The Bible certainly seems to indicate that God judges us but don’t we each determine the outcome in our own cases rather than God? Let’s explore this a little. Here is a definition for judgment:
Judgment (noun): the forming of an opinion, estimate, notion, or conclusion, as from circumstances presented to the mind: Our judgment as to the cause of his failure must rest on the evidence.” (www.dictionary.com)
“Must rest on the evidence.” Do earthly judges ever make wrong decisions? Ever condemn an innocent person? Yes. Why?
- The evidence is wrong or incomplete, a witness is lying.
- The judge has faulty thinking, is overtired, would rather be golfing.
- The judged is swayed by bribe, prejudice, political pressure etc.
If a judge retired with a perfect record what would that mean? He got every judgment right. He always convicted the guilty and always acquitted the innocent. He never made an arbitrary decision. He always made the right decision.
Does God ever make a wrong decision? No. Are any of the factors that could mar an earthly judge’s decisions affecting God? No. Does He always get it right – guilty, innocent, guilty, innocent? Yes, of course. Then who or what determines the outcome? The evidence does. And who determines what the evidence is? We do. Really, we judge ourselves.
Think of Paul and Barnabas speaking to the Jews:
“… It was necessary that the word of God should first have been spoken to you: but seeing ye put it from you, and judge yourselves unworthy of everlasting life, lo, we turn to the Gentiles.” (Acts 13:46)
God has made provision for every person to be saved but we accept or reject it. In that sense, whether we are saved at last or not depends on ourselves. We judge ourselves.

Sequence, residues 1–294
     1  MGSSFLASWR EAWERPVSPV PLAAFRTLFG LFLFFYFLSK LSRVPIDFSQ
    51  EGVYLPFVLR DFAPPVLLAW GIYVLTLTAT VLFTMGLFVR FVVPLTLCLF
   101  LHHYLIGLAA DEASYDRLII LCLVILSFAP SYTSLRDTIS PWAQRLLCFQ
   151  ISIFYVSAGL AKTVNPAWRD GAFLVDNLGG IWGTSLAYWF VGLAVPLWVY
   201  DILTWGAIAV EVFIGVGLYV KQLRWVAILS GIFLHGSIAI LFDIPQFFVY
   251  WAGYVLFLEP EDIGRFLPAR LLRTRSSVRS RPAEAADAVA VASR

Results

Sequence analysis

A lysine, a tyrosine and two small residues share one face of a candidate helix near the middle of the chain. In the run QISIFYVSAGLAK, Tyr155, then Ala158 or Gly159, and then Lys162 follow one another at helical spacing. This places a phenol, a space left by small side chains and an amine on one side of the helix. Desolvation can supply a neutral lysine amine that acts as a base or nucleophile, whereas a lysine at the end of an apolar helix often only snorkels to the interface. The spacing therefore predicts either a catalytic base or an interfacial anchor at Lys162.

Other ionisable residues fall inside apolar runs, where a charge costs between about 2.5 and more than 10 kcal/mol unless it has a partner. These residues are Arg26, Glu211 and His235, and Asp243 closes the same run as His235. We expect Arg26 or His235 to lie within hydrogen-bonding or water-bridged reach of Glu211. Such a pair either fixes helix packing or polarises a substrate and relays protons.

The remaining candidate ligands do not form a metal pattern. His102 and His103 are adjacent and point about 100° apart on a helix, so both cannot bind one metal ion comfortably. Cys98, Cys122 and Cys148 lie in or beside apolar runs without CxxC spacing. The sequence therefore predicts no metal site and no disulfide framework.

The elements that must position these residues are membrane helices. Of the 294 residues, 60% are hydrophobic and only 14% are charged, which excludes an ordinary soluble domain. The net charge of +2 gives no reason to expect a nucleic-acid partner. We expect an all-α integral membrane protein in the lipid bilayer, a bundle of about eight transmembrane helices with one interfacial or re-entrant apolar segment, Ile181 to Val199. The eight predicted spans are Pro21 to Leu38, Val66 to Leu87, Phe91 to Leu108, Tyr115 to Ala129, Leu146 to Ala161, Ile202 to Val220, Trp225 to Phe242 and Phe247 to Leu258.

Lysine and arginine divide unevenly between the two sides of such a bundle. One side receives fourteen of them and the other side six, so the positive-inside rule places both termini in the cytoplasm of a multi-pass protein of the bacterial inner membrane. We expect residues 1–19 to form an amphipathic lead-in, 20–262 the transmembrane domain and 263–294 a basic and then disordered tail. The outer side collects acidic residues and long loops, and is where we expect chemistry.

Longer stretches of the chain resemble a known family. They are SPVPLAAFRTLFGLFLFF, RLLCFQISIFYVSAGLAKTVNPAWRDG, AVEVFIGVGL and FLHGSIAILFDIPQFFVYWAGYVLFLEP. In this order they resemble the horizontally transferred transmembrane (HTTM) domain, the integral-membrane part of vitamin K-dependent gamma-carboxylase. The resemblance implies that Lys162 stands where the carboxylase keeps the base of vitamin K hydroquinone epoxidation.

However, God must still judge every person in that He must know who to raise at the Second Coming and who will remain in the grave for the next 1000 years. But that judgment is merely a verification of the facts which He already knows perfectly. He is not arbitrarily deciding; He is verifying choices each person has made and giving them the results that are the consequences of those decisions. He is not determining the outcome, our eternal fate.
We determine that. God asks us to choose. The importance of our choices is seen in verses such as these:
“I call heaven and earth to record this day against you, that I have set before you life and death, blessing and cursing: therefore choose life, that both thou and thy seed may live:” (Deut 30:19)
“And if it seem evil unto you to serve the LORD, choose you this day whom ye will serve; whether the gods which your fathers served that were on the other side of the flood, or the gods of the Amorites, in whose land ye dwell: but as for me and my house, we will serve the LORD.” (Josh 24:15)
There are many other verses showing that we have freedom of choice. He does not ask us to choose and then overrule our choices.
A judgment can also be a verb, an action. We usually think of it in terms of punishment. Look at this verse:
“The heathen are sunk down in the pit that they made: in the net which they hid is their own foot taken. The LORD is known by the judgment which he executeth: the wicked is snared in the work of his own hands. Higgaion. Selah.” (Psa 9:15-16)
The LORD is known by His acts (“the judgment which he executeth“) of judgment. How does He judge? The verse just before says how. He allows people to experience the natural consequences of their actions and choices. Here are about 20 verses showing that sin punishes sin as a natural result.
So, God does not judge us anything like most people think – He does not have to make up His mind for each of us. In contrast to that, here is a verse that actually speaks of God being judged:
“God forbid: yea, let God be true, but every man a liar; as it is written, That thou mightest be justified in thy sayings, and mightest overcome when thou art judged.” (Rom 3:4)
People are surprised to learn that God is being judged; He is on trial. Satan has brought charges against Him and He is trying to clear His name. There is a website that focuses specifically on God on Trial.
So, not only does He not judge us (determine our guilt or innocence) but He asks us to be witnesses for Him when He is judged. We judge Him.